(B) use of a statement in writing—

(i) that is materially false;

(ii) respecting the debtor's or an insider's financial condition;

(iii) on which the creditor to whom the debtor is liable for such money, property, services, or credit reasonably relied; and

(iv) that the debtor caused to be made or published with intent to deceive; or


(C)(i) for purposes of subparagraph (A)—

(I) consumer debts owed to a single creditor and aggregating more than 0 for luxury goods or services incurred by an individual debtor on or within 90 days before the order for relief under this title are presumed to be nondischargeable; and

(II) cash advances aggregating more than 0 that are extensions of consumer credit under an open end credit plan obtained by an individual debtor on or within 70 days before the order for relief under this title, are presumed to be nondischargeable; and


(ii) for purposes of this subparagraph—

(I) the terms “consumer”, “credit”, and “open end credit plan” have the same meanings as in section 103 of the Truth in Lending Act; and

(II) the term “luxury goods or services” does not include goods or services reasonably necessary for the support or maintenance of the debtor or a dependent of the debtor;


(3) neither listed nor scheduled under section 521(a)(1) of this title, with the name, if known to the debtor, of the creditor to whom such debt is owed, in time to permit—

(A) if such debt is not of a kind specified in paragraph (2), (4), or (6) of this subsection, timely filing of a proof of claim, unless such creditor had notice or actual knowledge of the case in time for such timely filing; or

(B) if such debt is of a kind specified in paragraph (2), (4), or (6) of this subsection, timely filing of a proof of claim and timely request for a determination of dischargeability of such debt under one of such paragraphs, unless such creditor had notice or actual knowledge of the case in time for such timely filing and request;


(4) for fraud or defalcation while acting in a fiduciary capacity, embezzlement, or larceny;

(5) for a domestic support obligation;

(6) for willful and malicious injury by the debtor to another entity or to the property of another entity;

(7) to the extent such debt is for a fine, penalty, or forfeiture payable to and for the benefit of a governmental unit, and is not compensation for actual pecuniary loss, other than a tax penalty—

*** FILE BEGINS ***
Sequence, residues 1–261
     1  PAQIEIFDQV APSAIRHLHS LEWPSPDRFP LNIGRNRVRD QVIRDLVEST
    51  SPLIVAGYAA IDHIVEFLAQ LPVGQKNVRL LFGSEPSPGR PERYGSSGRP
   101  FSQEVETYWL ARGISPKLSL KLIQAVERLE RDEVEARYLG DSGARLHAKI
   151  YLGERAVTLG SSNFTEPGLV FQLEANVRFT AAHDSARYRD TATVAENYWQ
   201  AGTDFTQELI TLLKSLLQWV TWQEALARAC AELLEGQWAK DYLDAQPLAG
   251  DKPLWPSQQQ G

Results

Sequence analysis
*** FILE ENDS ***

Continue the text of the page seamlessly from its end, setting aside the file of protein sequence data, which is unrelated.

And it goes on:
(A) relating to a tax of a kind not specified in paragraph (1) of this subsection; or

(B) imposed with respect to a transaction or event that occurred before three years before the date of the filing of the petition;


(8) unless excepting such debt from discharge under this paragraph would impose an undue hardship on the debtor and the debtor's dependents, for—

(A)(i) an educational benefit overpayment or loan made, insured, or guaranteed by a governmental unit, or made under any program funded in whole or in part by a governmental unit or nonprofit institution; or

(ii) an obligation to repay funds received as an educational benefit, scholarship, or stipend; or

(B) any other educational loan that is a qualified education loan, as defined in section 221(d)(1) of the Internal Revenue Code of 1986, incurred by a debtor who is an individual;


(9) for death or personal injury caused by the debtor's operation of a motor vehicle, vessel, or aircraft if such operation was unlawful because the debtor was intoxicated from using alcohol, a drug, or another substance;

(10) that was or could have been listed or scheduled by the debtor in a prior case concerning the debtor under this title or under the Bankruptcy Act in which the debtor waived discharge, or was denied a discharge under section 727(a)(2), (3), (4), (5), (6), or (7) of this title, or under section 14c(1), (2), (3), (4), (6), or (7) of such Act;